This story is part of Home Tips, CNET’s collection of practical advice for getting the most out of your home, inside and out.
Sure, weekends usually mean cooking burgers, steaks and barbecued chicken, but why not some fish? There’s truly nothing like grilled fish to cap off your day, not to mention how much healthier it is than pretty much every other meat out there. Not only that, but it cooks way faster and is much easier to create unique and delicious meals with. Grilling seafood is an excellent way to mix up your summer menu, but some fish are much better to grill than others.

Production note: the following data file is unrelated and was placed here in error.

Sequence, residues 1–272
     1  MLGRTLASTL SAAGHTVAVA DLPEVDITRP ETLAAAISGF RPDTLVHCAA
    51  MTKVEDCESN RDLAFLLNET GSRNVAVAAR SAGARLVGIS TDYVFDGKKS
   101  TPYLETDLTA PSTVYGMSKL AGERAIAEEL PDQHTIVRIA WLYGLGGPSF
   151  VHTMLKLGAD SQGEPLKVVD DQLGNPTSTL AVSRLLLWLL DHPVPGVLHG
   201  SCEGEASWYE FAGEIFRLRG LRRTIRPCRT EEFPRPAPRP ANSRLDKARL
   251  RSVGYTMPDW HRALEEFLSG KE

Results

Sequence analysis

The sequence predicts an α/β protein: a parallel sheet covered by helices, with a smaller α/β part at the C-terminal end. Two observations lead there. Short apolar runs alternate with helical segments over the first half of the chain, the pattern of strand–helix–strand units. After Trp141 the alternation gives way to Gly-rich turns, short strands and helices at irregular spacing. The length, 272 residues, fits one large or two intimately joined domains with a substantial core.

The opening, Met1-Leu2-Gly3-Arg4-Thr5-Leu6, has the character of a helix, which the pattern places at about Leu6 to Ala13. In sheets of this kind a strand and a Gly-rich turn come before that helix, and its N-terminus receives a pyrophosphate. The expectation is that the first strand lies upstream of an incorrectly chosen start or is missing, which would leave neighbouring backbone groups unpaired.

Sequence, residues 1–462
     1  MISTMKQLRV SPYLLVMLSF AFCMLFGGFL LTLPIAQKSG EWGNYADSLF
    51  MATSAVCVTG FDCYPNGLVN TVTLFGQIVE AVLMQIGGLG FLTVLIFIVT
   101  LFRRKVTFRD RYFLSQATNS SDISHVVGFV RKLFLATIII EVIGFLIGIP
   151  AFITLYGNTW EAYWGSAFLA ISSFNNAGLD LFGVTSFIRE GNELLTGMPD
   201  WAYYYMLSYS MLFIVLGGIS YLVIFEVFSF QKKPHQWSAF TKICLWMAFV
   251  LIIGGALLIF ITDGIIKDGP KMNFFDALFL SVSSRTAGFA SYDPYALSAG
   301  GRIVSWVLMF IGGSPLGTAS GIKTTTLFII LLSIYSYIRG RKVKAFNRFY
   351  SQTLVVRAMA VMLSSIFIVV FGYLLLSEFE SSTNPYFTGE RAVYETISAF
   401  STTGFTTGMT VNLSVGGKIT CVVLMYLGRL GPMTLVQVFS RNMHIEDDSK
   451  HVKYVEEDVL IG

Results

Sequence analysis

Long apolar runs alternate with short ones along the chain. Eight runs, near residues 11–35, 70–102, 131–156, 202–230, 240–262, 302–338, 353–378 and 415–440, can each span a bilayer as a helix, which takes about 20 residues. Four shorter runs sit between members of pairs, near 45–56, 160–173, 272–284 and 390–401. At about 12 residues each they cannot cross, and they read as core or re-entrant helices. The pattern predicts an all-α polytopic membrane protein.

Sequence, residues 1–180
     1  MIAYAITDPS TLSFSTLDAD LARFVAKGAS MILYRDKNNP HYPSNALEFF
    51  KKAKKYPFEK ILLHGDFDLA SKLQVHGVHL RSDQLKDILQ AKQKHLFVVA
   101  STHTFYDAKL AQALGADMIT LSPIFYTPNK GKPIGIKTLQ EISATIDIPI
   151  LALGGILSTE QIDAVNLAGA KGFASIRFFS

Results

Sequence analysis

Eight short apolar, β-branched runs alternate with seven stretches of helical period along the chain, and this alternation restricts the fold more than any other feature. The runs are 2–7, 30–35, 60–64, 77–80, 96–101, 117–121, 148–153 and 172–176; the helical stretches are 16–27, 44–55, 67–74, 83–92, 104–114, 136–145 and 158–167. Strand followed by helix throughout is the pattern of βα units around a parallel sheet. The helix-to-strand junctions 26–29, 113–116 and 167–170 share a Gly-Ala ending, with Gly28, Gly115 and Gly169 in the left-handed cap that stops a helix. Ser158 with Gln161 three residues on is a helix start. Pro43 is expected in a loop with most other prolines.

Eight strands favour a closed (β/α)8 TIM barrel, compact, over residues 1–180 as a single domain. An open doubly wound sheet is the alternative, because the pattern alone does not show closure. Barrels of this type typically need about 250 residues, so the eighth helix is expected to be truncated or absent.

So with all this upside to grilling fish, we must ask: Redfish? Bluefish? Snapper or tuna fish? Which are the best fish to grill? We turned to an expert for some help in selecting the best seafood to top your grill grates this season. Chef Akira Back owns several seafood-centric restaurants including Yellowtail in Las Vegas and is certainly no stranger to grilling fish and other seafood. He gave us the skinny on which fish to grill along with helpful tips for nailing your summer seafood spread.
Read more: Best Seafood Delivery Services for 2022
How to grill fish: Some tips
Back suggests grilling your fresh fillet skin-side down (if your fish has skin) and cooking it until the skin appears crispy. Next, flip it once more on the grates to finish cooking the fish through or to your desired doneness.
To get rid of any overly fishy smell or taste, Back advises briefly soaking the fish in cold, salt-vinegar water with lots of ice before grilling. Dry it off well before putting it over the hot flames.